News / Middle East

Gadhafi Death Has Repercussions for Arab Spring

Fighters with Libya's interim government celebrate at Martyrs' Square in Tripoli October 20, 2011.
Fighters with Libya's interim government celebrate at Martyrs' Square in Tripoli October 20, 2011.
Elizabeth Arrott

The killing of Libya's ex-leader Moammar Gadhafi may prove a cautionary tale to autocrats in the region who face uprisings of their own.  But Gadhafi's death will have the most immediate impact on the transition in Libya itself.

It was a bloody end to a bloody rule.

The images of Gadhafi apparently set upon by his enemies and dragged through the streets signaled a new and violent twist to the uprisings sweeping the Arab world this year.

Image taken from amateur video posted on a social media website and obtained by Reuters, October 21, 2011, shows former Libyan leader Moammar Gadhafi, covered in blood, after his capture by NTC fighters in Sirte.
Image taken from amateur video posted on a social media website and obtained by Reuters, October 21, 2011, shows former Libyan leader Moammar Gadhafi, covered in blood, after his capture by NTC fighters in Sirte.

The first of the region's ousted strongmen, Tunisia's Zine al-Abidine Ben Ali, fled into exile.  Egypt's Hosni Mubarak was put behind bars.  Those upheavals, as well as Libya's, have been keenly watched by protesters in Yemen, Syria and beyond.

"The killing of Gadhafi, the dictator, is sending a shock wave to the burdened president of Yemen, who still wants to stay in power," said political analyst Said Sadek, a professor of politics and sociology at the American University in Cairo, "and Syrian president [Bashar al] Assad who would now see that the three top dictators of the Arab world, Mubarak, [Zine el Abidine] Ben Ali in Tunisia and Gadhafi, are gone. And not to mention [Iraq's] Saddam Hussein in 2003. I think now they will have nightmares."

Advantages versus disadvantages

But the killing of a longtime ruler can bring problems of its own.

While numerous other factors come into play, Saddam's execution helped rally his supporters, amplifying the sectarian violence that plagues the country to this day. Tunisia, on the other hand, has moved far more quickly toward a new order, holding elections Sunday.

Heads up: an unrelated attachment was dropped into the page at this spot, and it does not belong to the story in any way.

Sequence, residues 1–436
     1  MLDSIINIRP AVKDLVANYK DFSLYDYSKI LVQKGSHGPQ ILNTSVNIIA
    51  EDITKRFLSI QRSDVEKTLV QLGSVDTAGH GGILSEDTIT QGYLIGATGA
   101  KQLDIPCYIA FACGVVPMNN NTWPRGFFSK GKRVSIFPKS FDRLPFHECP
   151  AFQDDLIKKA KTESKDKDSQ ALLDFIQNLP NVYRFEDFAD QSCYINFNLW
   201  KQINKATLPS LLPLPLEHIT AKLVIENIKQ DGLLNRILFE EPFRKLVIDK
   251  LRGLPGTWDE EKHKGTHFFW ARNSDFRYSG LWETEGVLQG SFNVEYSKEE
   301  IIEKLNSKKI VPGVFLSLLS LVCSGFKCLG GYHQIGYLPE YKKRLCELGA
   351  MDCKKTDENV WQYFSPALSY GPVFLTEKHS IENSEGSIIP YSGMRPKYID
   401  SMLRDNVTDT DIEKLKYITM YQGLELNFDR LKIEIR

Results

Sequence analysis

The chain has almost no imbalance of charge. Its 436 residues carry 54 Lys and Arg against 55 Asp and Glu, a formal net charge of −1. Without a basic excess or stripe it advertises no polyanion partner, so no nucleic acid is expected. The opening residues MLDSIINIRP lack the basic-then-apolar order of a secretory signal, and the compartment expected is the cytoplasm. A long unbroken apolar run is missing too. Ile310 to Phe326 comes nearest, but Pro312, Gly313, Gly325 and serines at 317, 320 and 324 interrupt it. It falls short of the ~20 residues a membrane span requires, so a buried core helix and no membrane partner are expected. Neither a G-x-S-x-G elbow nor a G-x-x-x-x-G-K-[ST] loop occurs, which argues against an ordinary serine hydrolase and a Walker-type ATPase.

Rania al Malki, a political analyst and editor in Cairo, argues there may be advantages to a death like Gadhafi's over a trial or exile.

"I think his death means closure," Malki said.  "We have sensed the constant lack of closure in a place like Egypt.  Our former president is being tried and this has kept an open wound opened for a very long time.  And it will, because it reminds people again and again of what happened before and of the martyrs that were killed during the uprising."

It's a point, she argues, even more important in Libya, where the death toll was so much higher, and prolonging the suffering of public reminders would be worse.

Cairo professor Sadek says there may also be political and security advantages to the way events unfolded in Libya.   

"This rationale is that if you don't get rid of those old regimes and its leading members they will cause havoc and they will destabilize the country," Sadek said. "I think what happened [Thursday] is very good for the transitional council in Libya. It will open the gate for the new political process. It would also undermine any support of the old supporters of Gadhafi to continue the war and continue causing trouble for the Libyan people."

Moving forward

The death of Gadhafi also means one of the common causes uniting the opposition forces now set to run Libya is gone.  

"It's going to have to go through a period of lack of clarity," Malki said. "It's going to have to go through a period of internal strife and struggle, but also at the same time there's going to have to be a lot of internal dialogue for the Libyan people to decide how they want to see their country built, which direction they want to go, and how they want to renew their entire system and create new institutions."

Malki calls the next immediate future a "teething stage," one that any country that has gone through what she terms "this horrible ordeal" would have to endure.

But at this point, both Malki and Sadek believe the shared misery of the past and its irrevocable closure, will help bind Libyans enough to reach some kind of compromise on the way forward.

You May Like

How to Safeguard Your Mobile Privacy

As the digital world becomes more mobile, so too do concerns about eroding privacy and increased hacking More

'Desert Dancer' Chronicles Iranian Underground Dance Troupe